As Apple counts down the months to the launch of iPhone 14 and iOS 16, it suddenly risks a repeat of last year, when its launch plans were almost derailed by a controversial plan to scan iPhone content. And to make matters worse, a new warning for Apple’s billion-plus iPhone users has just been issued.
Much has been written in the last two weeks, following the EU’s landmark decision to clampdown on tech walled gardens, with its lawmakers agreeing “that the largest messaging services (such as Whatsapp, Facebook Messenger or iMessage) will have to open up and interoperate with smaller messaging platforms, if they so request.”
The Digital Markets Act has several serious ramifications for Apple, such as unpicking its App Store monopoly to allow side-loading for the first time, but it’s the impact on iMessage that will hit hardest.
The idea that a Signal or Telegram or even Threema user can message someone on WhatsApp or iMessage echoes back to the introduction of network interoperability back in the early days of SMS, but there was no optionality back then, SMS was the only cellphone messaging platform. While breaking down monopolistic tech walled gardens is laudable, there are major security and technical risks.
As I explained last week, the impact from DMA will be felt hardest by WhatsApp, the world’s largest messenger has no other strings to its bow, there’s an argument here that it’s not broken and doesn’t need fixing. Promoting innovation is one thing, but giving start-up platforms access to WhatsApp’s huge user base actually risks doing the opposite.
The situation for Apple’s iMessage and Google Messages is very different. These are stock messengers, and in Apple’s case there is no way for a user to select an alternative SMS client on their device. While Google has taken the lead in pushing out RCS—an update to SMS, and has now added encryption into the mix, Apple has steadfastly refused to play outside its walled garden.
This is a huge mistake and is not in the interests of the billion-plus iPhone users who still fail-over to unsecured SMS when they message non-Apple users from their devices. Apple should be forced to either offer its users the ability to run Signal or WhatsApp, both cross-platform and secure, as iMessage alternatives, or it should fully open up to RCS. This is technically difficult, but in not doing so, Apple is essentially preventing the world from moving to SMS v2.
While the DMA goes too far in some ways and risks unintended consequences, regulating operability between the stock messengers on Android and iPhone, enabling users to move forwards, ensuring network messaging is not held back, is the right move. Apple’s decision to hold out, reportedly for commercial reasons, has been bad news for its users—it’s not in their interests.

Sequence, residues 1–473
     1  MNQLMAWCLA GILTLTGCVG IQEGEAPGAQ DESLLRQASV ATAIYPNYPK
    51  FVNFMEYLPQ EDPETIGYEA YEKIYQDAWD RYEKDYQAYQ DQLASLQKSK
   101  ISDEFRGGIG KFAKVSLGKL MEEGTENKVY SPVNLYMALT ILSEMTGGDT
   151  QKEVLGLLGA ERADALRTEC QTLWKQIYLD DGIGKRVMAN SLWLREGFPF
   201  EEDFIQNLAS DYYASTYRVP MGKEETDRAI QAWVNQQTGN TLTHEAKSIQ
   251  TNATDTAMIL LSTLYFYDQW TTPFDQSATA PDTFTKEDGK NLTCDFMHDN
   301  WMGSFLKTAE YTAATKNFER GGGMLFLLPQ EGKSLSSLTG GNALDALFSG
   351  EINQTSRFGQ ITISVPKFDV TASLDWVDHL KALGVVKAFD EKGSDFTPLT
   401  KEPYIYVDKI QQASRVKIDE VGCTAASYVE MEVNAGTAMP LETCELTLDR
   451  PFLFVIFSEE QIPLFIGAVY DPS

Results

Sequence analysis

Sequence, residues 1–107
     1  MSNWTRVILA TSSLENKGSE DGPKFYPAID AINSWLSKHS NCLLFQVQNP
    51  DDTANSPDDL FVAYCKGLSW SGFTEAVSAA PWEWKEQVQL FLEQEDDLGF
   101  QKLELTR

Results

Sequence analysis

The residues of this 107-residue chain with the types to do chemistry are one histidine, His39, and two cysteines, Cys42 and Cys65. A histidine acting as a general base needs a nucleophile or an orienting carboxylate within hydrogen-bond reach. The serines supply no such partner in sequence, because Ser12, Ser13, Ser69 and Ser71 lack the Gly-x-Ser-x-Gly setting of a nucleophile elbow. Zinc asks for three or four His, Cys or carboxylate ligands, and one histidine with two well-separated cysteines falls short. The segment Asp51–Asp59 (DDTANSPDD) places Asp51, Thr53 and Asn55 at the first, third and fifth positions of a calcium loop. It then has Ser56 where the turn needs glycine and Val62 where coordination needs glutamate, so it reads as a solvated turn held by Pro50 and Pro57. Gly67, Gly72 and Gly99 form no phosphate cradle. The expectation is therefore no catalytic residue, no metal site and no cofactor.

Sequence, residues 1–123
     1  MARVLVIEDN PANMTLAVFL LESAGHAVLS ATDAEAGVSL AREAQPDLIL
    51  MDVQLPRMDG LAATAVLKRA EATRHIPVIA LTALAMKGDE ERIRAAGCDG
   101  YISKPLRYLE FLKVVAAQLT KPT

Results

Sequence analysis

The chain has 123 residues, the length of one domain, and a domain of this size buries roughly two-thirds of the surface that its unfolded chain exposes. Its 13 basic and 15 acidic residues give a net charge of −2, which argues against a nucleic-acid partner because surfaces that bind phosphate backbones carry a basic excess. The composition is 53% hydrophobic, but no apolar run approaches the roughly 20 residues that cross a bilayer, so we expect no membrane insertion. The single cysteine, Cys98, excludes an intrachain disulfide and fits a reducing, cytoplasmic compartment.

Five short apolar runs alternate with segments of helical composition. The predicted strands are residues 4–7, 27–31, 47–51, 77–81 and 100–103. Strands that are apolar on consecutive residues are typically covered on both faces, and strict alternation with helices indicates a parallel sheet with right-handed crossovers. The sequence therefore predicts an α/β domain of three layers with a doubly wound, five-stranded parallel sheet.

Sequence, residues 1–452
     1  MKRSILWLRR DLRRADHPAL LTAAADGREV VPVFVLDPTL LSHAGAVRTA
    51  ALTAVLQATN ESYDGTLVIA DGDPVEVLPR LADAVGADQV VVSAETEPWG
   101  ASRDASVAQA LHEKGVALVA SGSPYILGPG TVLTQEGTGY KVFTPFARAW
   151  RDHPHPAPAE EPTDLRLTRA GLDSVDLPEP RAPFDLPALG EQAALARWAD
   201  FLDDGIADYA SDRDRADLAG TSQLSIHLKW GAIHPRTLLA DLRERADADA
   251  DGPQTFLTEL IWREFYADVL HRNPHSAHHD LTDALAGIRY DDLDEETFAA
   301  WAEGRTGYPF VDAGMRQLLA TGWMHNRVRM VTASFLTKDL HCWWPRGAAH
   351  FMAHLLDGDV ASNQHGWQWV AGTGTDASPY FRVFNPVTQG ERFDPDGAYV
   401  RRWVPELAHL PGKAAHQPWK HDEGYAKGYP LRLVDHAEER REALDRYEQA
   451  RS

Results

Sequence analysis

Talking of bad news for iPhone users, a new report commissioned by Meta and published this week will make uncomfortable reading in Cupertino. The Business for Social Responsibility (BSR) report into the Human Rights Impacts from end-to-end encryption is ostensibly focused on Meta’s plans to expand such security from WhatsApp to cover Facebook Messenger and Instagram as well. But it also includes a warning that seems to have Apple’s iPhone plans in mind.
There are complexities in Meta’s own plans, specifically around the dangers in linking encrypted messaging with social media platforms, but the bad news for Apple and its billion iPhone users is that the report also challenges the client-side scanning that Apple has introduced to iMessage and still plans to implement at some point to scan photos for known child sexual abuse imagery.
“Nearly all proposed client-side scanning approaches,” BSR warns, “undermine the cryptographic integrity of end-to-end encryption, which because it is so fundamental to privacy would constitute significant, disproportionate restrictions on a range of rights, and should therefore not be pursued.”
Apple’s argument is that automated scanning on an iPhone to tag possibly illicit content doesn’t present the same privacy risks as scanning everything in iCloud. From a messaging perspective, it watered down its plans to report minors sharing potentially erotic images to just a user warning. But even so, iMessage has now opened the concept of end-to-end encryption scanning, and as I have argued before, it’s a short line from this to regulatory insistence on more of the same.
There is of course an interesting twist in Meta and its commissioned report criticising Apple on the privacy front, notwithstanding that it’s not named. Apple’s crackdown on Meta in the last year has had a major impact on the company, and Meta’s Mark Zuckerberg has called out iMessage before as the biggest competitor to its own messaging platforms, especially in the U.S. And so, the impact of Europe’s DMA on the two tech giants will be a veritable popcorn moment.
Apple should now step back from any plans to introduce client-side scanning, given the broader implications on users the world over. It was an ill-conceived solution and Apple would do well to acknowledge this, and introduce the same public cloud scanning for CSAM that others have implemented without any such controversy or backlash.
More critically, Apple needs to u-turn on RCS in the run-up to iPhone 14 and iOS 16. It can use DMA as an excuse to do so. Sticking to its walled garden is increasingly risky for the billion-plus iPhone users and the rest of the world, caught in an SMS v1 rabbit hole because Apple will not move forwards.
The worry for Apple is that the timing on DMA and sharing its long-awaited next steps on CSAM both risk further controversy in the run up to its fall launch schedule—yet again. You can expect both these issues to generate plenty of headlines through the summer as we find out more.
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